I’m still at the very beginning of my journey with meditation but I constantly hear of the benefits it affords and I want to start making time for it in my life. I do see myself as spiritual..but certainly not as spiritual as many others, and in no way do I see meditation as anything remotely religious for myself. For me it is simply a method of clearing the mind in order to concentrate on what is important in life.
In the past if I’ve had a clouded mind I would always use distraction as the main tool to keep my mind occupied and on the task at hand. In certain instances this can be really beneficial and links in well with another of my articles about Using Anxiety To Get Things Done. This can be an extremely useful method that really works and turns worrying in to productive output. I’ve started looking more long term though and with my main life goal being happiness and peace of mind, I want to look in to more long term solutions for being continually calm and relaxed.
You don’t have to adopt any fancy position to meditate, you simply want to be comfortable and relaxed, so sitting in a chair can be just as good as a physics defying, mind mending yoga position. I do find although, that a stretching session prior to meditating gets the blood flowing and further relaxes the body. I find lying down on my back on a comfortable surface the best bet. You want to be as peaceful and relaxed as possible so attempting to block out the sounds of the day around you can be beneficial if you live in a noisy and busy area, I often use earplugs to help with this or even headphones with relaxing music or nature sounds.
The idea of meditation is then to clear your mind of all thoughts and worries. For beginners to do this, holding a single point of concentration seems practically a must. It is a process that you adjust to over time but at first you must make a conscious effort to stop thinking so much. Concentrate on your breathing and picture a simple relaxing scene in your mind. My method is to picture the ocean and to tie my deep breathing in with the natural rhythm of the tide.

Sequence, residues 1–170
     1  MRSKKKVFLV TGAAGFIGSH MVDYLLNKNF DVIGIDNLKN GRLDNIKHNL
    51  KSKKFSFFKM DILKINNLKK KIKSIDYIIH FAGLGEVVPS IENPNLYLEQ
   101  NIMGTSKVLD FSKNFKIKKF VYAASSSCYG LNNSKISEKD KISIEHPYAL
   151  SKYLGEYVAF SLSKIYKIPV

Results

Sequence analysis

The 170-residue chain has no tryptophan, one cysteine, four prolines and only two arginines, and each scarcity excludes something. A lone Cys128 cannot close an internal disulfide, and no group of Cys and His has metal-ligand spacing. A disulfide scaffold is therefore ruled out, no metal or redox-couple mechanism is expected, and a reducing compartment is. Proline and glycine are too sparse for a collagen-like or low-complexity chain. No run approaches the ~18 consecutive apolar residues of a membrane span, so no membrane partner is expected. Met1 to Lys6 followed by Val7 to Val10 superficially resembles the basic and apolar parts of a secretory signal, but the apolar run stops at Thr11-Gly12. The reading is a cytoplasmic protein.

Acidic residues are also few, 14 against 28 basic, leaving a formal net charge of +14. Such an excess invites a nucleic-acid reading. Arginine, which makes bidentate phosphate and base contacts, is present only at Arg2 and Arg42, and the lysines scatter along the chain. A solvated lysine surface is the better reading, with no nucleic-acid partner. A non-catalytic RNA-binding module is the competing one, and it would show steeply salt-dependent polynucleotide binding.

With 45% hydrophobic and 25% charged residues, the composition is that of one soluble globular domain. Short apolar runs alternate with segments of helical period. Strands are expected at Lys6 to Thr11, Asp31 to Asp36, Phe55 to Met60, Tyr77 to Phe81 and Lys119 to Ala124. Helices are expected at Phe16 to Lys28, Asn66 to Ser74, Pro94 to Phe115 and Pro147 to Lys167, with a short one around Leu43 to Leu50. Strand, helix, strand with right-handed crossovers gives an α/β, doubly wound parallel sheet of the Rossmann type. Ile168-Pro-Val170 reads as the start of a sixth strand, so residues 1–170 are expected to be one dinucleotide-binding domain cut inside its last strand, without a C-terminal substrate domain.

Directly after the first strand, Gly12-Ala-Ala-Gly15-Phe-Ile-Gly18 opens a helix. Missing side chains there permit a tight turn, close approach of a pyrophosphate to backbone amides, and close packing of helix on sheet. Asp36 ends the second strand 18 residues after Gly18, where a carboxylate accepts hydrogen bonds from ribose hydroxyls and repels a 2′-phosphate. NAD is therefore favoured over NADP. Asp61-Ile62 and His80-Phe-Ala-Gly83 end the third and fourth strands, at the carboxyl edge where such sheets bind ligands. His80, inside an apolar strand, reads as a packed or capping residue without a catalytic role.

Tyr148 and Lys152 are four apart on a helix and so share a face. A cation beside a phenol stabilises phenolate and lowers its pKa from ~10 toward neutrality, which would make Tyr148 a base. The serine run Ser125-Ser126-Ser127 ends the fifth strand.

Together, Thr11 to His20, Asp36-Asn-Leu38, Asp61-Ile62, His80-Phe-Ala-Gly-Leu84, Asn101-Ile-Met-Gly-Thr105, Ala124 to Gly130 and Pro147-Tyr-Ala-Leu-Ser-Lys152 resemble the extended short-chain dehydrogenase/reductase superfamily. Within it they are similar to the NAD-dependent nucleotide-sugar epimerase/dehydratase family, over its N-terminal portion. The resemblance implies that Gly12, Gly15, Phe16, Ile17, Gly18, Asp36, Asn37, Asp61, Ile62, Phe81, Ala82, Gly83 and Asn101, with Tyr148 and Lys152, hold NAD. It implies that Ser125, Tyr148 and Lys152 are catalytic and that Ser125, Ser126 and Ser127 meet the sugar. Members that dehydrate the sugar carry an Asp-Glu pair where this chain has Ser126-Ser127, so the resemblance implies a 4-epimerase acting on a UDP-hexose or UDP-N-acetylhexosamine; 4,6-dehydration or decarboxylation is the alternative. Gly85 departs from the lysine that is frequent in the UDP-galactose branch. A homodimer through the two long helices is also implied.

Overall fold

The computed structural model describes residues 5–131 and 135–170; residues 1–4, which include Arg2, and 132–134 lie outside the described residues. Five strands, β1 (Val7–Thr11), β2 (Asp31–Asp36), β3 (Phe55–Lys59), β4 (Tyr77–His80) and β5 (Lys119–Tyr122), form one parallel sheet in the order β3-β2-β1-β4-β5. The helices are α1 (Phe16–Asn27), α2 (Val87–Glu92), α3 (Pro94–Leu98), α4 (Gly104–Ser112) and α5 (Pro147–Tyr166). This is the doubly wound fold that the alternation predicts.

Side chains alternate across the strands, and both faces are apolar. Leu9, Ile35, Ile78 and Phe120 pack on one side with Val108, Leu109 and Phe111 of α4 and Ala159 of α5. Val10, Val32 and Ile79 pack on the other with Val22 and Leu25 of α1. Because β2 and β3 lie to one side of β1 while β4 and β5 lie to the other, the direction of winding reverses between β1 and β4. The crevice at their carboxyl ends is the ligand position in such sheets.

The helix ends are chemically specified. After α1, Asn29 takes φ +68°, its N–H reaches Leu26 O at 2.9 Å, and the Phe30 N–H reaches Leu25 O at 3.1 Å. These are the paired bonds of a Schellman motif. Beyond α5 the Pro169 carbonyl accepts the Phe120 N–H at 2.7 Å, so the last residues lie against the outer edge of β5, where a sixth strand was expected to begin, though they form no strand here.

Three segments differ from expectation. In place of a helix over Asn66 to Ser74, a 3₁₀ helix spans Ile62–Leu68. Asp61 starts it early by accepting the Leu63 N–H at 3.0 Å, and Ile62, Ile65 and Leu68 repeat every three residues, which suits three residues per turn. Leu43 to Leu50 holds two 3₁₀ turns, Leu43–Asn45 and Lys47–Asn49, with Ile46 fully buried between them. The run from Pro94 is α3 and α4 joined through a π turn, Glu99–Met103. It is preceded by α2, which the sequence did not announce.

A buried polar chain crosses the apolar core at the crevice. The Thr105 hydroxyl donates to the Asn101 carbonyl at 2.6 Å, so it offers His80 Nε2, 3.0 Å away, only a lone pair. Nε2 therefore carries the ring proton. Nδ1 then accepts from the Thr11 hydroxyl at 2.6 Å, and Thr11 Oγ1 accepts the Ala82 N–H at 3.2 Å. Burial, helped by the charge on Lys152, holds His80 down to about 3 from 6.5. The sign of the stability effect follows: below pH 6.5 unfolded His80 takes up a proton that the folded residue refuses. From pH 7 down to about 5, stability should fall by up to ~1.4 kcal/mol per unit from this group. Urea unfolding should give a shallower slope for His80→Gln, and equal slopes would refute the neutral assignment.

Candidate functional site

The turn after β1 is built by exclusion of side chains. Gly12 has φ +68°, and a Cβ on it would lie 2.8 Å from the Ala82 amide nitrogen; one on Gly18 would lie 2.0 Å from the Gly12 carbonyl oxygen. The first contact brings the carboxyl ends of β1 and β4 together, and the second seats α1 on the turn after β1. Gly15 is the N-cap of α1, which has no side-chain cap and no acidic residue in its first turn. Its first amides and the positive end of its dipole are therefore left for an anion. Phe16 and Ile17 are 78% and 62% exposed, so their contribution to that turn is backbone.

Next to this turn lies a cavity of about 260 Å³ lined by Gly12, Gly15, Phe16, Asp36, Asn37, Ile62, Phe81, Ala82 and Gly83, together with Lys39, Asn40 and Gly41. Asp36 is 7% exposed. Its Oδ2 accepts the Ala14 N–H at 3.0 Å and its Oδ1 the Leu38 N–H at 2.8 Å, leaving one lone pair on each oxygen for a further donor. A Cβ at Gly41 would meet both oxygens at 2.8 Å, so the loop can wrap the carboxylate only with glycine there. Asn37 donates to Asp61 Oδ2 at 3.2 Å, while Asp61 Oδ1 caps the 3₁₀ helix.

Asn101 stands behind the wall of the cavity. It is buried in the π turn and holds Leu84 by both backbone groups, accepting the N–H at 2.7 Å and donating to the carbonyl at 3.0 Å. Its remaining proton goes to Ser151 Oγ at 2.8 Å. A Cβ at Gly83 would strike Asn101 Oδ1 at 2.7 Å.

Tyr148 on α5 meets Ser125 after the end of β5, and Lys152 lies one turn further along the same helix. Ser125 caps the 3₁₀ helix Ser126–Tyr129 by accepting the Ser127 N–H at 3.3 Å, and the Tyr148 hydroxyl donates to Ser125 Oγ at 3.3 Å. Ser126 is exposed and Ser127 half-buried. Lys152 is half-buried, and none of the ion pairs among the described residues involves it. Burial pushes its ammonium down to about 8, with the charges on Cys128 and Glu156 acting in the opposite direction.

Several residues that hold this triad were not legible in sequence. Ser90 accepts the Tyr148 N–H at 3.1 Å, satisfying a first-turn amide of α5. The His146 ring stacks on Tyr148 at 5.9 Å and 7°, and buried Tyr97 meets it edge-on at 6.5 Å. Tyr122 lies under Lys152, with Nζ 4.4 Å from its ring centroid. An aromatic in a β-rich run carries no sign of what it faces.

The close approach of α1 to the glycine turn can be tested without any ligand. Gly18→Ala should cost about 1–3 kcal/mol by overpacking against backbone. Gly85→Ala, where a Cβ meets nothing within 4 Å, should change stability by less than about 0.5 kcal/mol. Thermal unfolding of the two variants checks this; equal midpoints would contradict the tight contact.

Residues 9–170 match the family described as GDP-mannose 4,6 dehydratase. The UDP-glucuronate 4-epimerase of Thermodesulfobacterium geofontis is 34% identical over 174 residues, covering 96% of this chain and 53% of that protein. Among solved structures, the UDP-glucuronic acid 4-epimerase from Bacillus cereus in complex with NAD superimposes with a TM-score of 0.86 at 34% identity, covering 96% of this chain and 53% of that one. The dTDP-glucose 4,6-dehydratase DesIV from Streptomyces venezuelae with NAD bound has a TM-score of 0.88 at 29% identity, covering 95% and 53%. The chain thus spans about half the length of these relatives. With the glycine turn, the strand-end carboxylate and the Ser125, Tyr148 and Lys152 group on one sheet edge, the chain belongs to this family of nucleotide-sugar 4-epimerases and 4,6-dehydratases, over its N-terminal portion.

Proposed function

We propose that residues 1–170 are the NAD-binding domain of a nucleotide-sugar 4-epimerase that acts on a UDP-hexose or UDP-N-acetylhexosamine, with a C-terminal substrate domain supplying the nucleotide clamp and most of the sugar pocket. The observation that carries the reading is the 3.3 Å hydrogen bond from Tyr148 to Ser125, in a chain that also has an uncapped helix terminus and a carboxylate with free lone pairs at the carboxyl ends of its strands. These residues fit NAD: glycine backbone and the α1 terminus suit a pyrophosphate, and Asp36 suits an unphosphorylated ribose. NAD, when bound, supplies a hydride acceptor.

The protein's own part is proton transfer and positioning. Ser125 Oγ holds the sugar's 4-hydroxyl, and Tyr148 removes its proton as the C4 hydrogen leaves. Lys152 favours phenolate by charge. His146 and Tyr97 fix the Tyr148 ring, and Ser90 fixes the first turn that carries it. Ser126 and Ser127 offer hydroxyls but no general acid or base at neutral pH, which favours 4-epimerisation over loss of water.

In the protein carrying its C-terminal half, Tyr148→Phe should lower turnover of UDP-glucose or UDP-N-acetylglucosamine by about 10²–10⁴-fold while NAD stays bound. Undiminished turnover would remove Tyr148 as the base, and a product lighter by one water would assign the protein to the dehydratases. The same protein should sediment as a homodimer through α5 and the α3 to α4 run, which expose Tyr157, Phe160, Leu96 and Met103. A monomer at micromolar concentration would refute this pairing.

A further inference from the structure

To start with it really does take a large commitment to meditate with any regularity, you have to set aside specific time to avoid all the distractions in life. The next stage is then getting better at it. I initially found it hard to lay long enough and clear my mind before getting bored and agitated and wondering off both in mind and body! It is true though that the process does get easier over time and with more practice. The effectiveness of mediation at achieving it’s goal of making us calm and focused is backed up by scientific study, so I will do more than just give it a chance. I’m sure people aren’t just making it up that the practice has transformed their lives or helped their mood and levels of focus to no end. I will keep at it. At many times I do still struggle to concentrate on the task but I seem to be getting better at the actual process of mediation. I may provide updates on my level of success as I progress.
Another point to note is that there is no set ‘right’ way to meditate and you can tailor your own practice to what benefits you the most. I have experience with the ‘Headspace’ meditation app brought to market by Andy Puddicombe and his business partner. Headspace is great to look at and It utilities modern bite size meditation sessions based primarily on mindfulness but also makes use of sessions based around visualization, reflection and awareness. So after learning the very basics -focusing on breathing and moving away from thoughts and worry- you can go ahead and mix it up!